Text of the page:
Response: This safety recommendation is briefly mentioned in the following Federal Register comment. The National Transportation Safety Board (NTSB) has reviewed the Federal Aviation Administration’s (FAA) notice of proposed special conditions titled “Special Conditions: Honda Aircraft Company, Model HA-420 HondaJet, Lithium-Ion Batteries,” which was published in 80 Federal Register 19889 on April 14, 2015.

From: NTSB
To: GS Yuasa Corporation
Date: 4/8/2015
Response: We note that you are considering a number of enhancements to your manufacturing process to address issues that we identified in our report. Pending completion of the enhancements that you described, Safety Recommendation A-14-130 is classified OPEN—ACCEPTABLE RESPONSE.

From: GS Yuasa Corporation
To: NTSB
Date: 3/3/2015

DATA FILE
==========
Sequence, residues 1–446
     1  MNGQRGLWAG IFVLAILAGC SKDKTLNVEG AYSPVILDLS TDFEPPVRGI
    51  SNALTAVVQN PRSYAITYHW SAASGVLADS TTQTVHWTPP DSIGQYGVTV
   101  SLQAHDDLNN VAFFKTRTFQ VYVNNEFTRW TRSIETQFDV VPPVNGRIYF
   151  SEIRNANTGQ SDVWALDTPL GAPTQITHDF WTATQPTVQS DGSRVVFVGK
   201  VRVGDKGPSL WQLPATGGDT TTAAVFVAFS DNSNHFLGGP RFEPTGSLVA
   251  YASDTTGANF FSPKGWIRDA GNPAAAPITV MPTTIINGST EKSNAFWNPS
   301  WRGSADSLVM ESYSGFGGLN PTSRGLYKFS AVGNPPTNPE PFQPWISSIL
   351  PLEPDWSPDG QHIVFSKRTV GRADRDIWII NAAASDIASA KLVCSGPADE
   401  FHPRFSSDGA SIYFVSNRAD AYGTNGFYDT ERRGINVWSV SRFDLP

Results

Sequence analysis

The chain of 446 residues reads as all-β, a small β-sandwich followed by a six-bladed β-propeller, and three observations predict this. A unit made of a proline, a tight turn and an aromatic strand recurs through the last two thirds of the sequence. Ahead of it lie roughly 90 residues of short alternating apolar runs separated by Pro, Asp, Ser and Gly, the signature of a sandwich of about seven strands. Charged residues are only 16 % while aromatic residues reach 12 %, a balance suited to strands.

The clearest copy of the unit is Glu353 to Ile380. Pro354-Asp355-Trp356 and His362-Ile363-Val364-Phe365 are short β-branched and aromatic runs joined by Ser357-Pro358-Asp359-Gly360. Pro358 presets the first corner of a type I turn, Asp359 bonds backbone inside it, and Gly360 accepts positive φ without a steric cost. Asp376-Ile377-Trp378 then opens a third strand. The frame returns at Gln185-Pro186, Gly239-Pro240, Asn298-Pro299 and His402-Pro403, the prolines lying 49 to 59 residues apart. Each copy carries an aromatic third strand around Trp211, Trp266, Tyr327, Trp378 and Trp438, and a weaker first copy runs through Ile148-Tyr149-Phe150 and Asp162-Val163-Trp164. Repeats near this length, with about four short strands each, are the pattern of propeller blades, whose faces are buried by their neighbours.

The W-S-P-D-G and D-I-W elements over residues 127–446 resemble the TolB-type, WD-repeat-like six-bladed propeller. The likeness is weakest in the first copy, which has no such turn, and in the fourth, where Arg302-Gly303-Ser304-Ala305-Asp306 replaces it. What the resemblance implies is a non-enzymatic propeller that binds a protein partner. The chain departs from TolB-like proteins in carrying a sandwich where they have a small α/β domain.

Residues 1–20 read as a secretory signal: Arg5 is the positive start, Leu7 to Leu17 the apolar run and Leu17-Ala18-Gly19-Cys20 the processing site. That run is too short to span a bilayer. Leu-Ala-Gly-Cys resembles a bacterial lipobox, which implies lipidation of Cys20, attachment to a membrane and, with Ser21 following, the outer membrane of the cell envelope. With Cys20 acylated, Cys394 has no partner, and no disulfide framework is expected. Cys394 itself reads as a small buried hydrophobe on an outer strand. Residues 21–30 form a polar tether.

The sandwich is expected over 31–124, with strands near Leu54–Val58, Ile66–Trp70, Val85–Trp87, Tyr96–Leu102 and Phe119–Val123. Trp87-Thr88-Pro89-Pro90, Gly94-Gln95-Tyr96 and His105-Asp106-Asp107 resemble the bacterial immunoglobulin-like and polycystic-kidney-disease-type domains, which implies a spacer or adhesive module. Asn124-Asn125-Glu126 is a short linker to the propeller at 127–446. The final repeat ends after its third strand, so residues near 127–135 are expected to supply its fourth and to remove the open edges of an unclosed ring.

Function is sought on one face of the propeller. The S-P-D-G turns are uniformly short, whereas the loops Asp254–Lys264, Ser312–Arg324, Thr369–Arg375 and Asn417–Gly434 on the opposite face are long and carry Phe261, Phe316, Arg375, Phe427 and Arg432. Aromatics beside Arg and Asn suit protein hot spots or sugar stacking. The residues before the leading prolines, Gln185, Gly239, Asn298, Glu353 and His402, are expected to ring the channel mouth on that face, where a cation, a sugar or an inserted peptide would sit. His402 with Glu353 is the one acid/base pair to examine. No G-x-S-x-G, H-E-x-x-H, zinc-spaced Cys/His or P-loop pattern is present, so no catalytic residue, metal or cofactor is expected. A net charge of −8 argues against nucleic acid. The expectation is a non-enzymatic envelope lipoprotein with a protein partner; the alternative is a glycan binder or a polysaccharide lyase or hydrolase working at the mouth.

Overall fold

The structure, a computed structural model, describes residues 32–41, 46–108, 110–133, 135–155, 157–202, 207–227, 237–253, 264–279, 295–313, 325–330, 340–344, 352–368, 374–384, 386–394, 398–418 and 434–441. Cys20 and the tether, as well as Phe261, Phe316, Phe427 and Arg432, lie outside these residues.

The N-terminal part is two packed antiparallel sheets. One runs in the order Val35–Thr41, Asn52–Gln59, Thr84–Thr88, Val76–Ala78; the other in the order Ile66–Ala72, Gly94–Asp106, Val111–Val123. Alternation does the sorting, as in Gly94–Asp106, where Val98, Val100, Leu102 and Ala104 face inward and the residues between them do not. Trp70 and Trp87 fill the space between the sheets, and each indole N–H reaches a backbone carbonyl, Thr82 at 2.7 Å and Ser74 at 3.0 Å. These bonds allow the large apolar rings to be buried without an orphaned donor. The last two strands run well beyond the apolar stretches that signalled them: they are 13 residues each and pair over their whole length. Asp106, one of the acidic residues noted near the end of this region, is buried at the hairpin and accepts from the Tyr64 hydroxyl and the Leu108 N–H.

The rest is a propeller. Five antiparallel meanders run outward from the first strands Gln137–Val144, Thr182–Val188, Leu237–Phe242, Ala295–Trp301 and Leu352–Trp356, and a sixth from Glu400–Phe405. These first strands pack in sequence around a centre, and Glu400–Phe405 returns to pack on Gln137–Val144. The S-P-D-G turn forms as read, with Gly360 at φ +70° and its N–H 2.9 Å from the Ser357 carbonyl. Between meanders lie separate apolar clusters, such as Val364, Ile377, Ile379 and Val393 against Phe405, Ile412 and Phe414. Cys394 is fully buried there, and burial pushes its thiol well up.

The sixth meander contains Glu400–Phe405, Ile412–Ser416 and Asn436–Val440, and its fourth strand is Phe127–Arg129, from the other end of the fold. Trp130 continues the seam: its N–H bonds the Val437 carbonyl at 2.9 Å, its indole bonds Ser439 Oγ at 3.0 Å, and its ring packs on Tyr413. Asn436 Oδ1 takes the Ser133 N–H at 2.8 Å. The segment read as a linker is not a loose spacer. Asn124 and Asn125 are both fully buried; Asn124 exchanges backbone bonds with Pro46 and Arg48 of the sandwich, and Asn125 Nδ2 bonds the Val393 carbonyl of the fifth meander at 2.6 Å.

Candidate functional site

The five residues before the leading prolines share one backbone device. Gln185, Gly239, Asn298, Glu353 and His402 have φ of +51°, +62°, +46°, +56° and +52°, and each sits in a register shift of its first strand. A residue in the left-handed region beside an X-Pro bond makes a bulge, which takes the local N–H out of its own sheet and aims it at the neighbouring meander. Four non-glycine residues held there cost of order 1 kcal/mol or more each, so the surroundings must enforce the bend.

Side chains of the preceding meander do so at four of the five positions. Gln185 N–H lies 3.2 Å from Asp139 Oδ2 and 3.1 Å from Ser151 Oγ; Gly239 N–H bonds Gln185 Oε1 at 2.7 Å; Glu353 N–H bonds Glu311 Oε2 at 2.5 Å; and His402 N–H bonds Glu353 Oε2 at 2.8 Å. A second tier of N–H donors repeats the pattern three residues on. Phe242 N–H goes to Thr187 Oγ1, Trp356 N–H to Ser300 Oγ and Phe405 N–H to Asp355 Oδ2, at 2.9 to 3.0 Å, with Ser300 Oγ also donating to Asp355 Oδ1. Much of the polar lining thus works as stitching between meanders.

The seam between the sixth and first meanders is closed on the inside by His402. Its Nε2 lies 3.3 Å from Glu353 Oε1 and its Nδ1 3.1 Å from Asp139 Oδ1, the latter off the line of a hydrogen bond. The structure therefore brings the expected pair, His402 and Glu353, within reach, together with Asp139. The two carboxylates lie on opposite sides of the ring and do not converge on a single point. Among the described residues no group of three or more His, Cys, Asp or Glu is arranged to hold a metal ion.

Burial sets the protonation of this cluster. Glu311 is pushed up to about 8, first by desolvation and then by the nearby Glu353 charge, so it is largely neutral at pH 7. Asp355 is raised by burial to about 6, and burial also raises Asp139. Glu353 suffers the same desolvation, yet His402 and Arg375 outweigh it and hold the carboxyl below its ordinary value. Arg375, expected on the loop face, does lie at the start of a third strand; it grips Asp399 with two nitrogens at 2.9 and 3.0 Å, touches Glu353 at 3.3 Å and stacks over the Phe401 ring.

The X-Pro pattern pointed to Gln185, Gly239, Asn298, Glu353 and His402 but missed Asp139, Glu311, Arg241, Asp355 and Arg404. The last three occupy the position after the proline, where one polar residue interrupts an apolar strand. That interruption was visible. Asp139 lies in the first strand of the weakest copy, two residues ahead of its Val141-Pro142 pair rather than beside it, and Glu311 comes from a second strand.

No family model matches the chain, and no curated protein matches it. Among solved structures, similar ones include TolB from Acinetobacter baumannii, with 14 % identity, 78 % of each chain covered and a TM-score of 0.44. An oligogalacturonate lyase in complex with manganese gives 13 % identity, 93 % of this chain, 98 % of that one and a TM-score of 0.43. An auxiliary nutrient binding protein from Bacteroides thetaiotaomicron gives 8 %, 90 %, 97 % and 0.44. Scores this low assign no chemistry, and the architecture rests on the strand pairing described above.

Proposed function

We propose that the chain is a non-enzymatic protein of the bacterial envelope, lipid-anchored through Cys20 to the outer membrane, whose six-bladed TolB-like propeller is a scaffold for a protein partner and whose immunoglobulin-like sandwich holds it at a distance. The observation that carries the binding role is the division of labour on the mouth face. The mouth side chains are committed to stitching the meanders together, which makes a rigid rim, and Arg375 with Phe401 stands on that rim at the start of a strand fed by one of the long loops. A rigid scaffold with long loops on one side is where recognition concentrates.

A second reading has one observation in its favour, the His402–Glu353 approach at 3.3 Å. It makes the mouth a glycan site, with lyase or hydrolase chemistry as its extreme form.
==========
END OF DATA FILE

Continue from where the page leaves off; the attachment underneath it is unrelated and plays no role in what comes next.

Response: -From Yoshiaki Namikawa, Special Battery and Lithium-ion Battery Division, Division Manager: We are writing in response to the NTSB's December 1, 2014, letter directing our attention to the Board's previous safety recommendation (A-14-130) to: "Review your cell manufacturing processes to minimize or prevent defects that could affect cell safety, and ensure that your employees are properly trained to identify and eliminate these defects." Please rest assured that we have done so, and both appreciate and respect the Board's observations in this regard. We also agree with the Board's finding, like that of the Japanese Transportation Safety Board, that the root cause of the internal short circuit could not be identified, and that no nexus could be found between any alleged manufacturing defect and the Boston or Takamatsu incidents. GS Yuasa has reviewed comprehensively its cell manufacturing processes. While we could not find any defect in the manufacturing process, we are committed to continuously enhancing the quality of our manufacturing processes and employee training. As the Board is aware, working cooperatively with Boeing, Thales, and regulators, GS Yuasa comprehensively redesigned the battery system on the 787 prior to the Board's final report, with increased reliability and safety. In addition, to further enhance safety of the battery, GS Yuasa is considering to make enhancements on the points where potential source of vulnerability were suggested during the NTSB investigation, regardless of whether such vulnerability was supported or established. GS Yuasa is considering safety enhancements in the following areas: (1) Cell • Reduction of perturbation in cell windings • Enhancement of strength against external stress at terminals • Introduction of edge coating, which reduces uncoated area at the current collector side of the electrode • Activities to further eliminate the possibility of FOD 1. Enhancement of cleaning procedure 2. Enhancement on stationary measurement of metallic dust 3. Enhancement on suction method of metallic dust 4. Enhancement on prevention of metallic dust 5. Further reduction of the possibility of a contamination in raw materials • Enhanced trainings on ability to identify anomalies (2) Battery • Enhancement on thermos-stability of spacer installed between cells • Enhancement on strictness of battery acceptance test We are confident that these enhancements, along with those jointly developed by the parties prior to the Board's final report and recommendations, represent sound, continuous quality enhancements to the battery system on the B787. Again, while we continue to have disagreements with various aspects of the Board's final report in this matter, particularly regarding manufacturing defects, as more fully detailed in our prior submissions to the Board, we greatly respect and appreciate the Board's investigation, findings, probable cause determination, and recommendations to the parties, including those directed to GS Yuasa. We trust the above is responsive to your recommendation, but do not hesitate to contact us in the future should you have any questions or concerns. We thank the Board and its professional staff very much for the courtesies and consideration extended to GS Yuasa during the course of the investigation.